The other day while I was about to be tabling at Downer, I noticed that on the couches and chairs in the lobby were perched not several people, but instead various winter apparel. I then glanced over at the coat rack and noticed it was half empty (then made note to myself that I am not usually so pessimistic). I was furious. It seems that if I were to relax while I waited for my friend I had but one choice: hang myself on the coat rack.
This seemed like a rather unfair situation; I wasn’t sure that I would get much reading done while hanging from the coat rack.
I glanced menacingly at the coats sitting on the couches and chairs and then I took a deep breath and saw my friend approaching the building. The issue was dead–for the moment.
Having regained some composure upon talking to my dining companion, I went back to my room to investigate the matter. I figured that I was mistaken and maybe chairs, couches, and other such furniture were really just places for people to put coats.
I looked up “chair” in a dictionary; it said that it was “a piece of furniture consisting of a seat, legs, back, and often arms, designed to accommodate one person.”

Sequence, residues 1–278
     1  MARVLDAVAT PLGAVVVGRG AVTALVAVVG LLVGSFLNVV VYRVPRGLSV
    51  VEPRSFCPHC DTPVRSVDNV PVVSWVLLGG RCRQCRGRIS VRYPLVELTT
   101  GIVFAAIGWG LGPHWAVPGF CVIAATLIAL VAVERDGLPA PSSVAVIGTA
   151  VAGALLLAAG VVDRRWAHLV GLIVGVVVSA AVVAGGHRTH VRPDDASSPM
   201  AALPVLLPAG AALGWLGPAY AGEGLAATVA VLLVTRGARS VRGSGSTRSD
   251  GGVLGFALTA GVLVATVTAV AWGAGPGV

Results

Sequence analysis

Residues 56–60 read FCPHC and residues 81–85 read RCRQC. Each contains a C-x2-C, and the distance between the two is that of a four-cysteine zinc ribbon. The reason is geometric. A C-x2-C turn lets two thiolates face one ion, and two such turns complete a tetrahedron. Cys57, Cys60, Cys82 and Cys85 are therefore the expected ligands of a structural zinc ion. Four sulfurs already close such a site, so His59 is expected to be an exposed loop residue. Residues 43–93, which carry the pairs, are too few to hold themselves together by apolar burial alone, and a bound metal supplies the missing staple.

I then proceeded to look up “couch” and read that a couch is “an upholstered seat for more than one person.”
I thought to myself then, “Are coats and other pieces of winter apparel people?” I looked up “people” in the dictionary; apparently, they are “living humans.” This led me to look up “living,” which means “possessing life.”
So looked up “life” and I found that it is “the property or quality that distinguishes living organisms from dead organisms and inanimate matter, manifested in functions such as metabolism, growth, reproduction, and response to stimuli or adaptation to the environment originating from within the organism.”
I had my answer. The coats were so numerous that they must have been reproducing, thus they were alive.
This conclusion was backed up by the fact that they must be alive or else they wouldn’t be sitting on a couch, since couches are seats “for more than one person.” I no longer felt bad that a coat was taking my space; it had as much right to be there as I did.
I went back to Downer and realized that these living coats did not deserve capital punishment. Since then, needless to say I have not been hanging my coat; it is a living thing.
That being said, I plead with you to refrain from hanging your coat on the rack, murderer.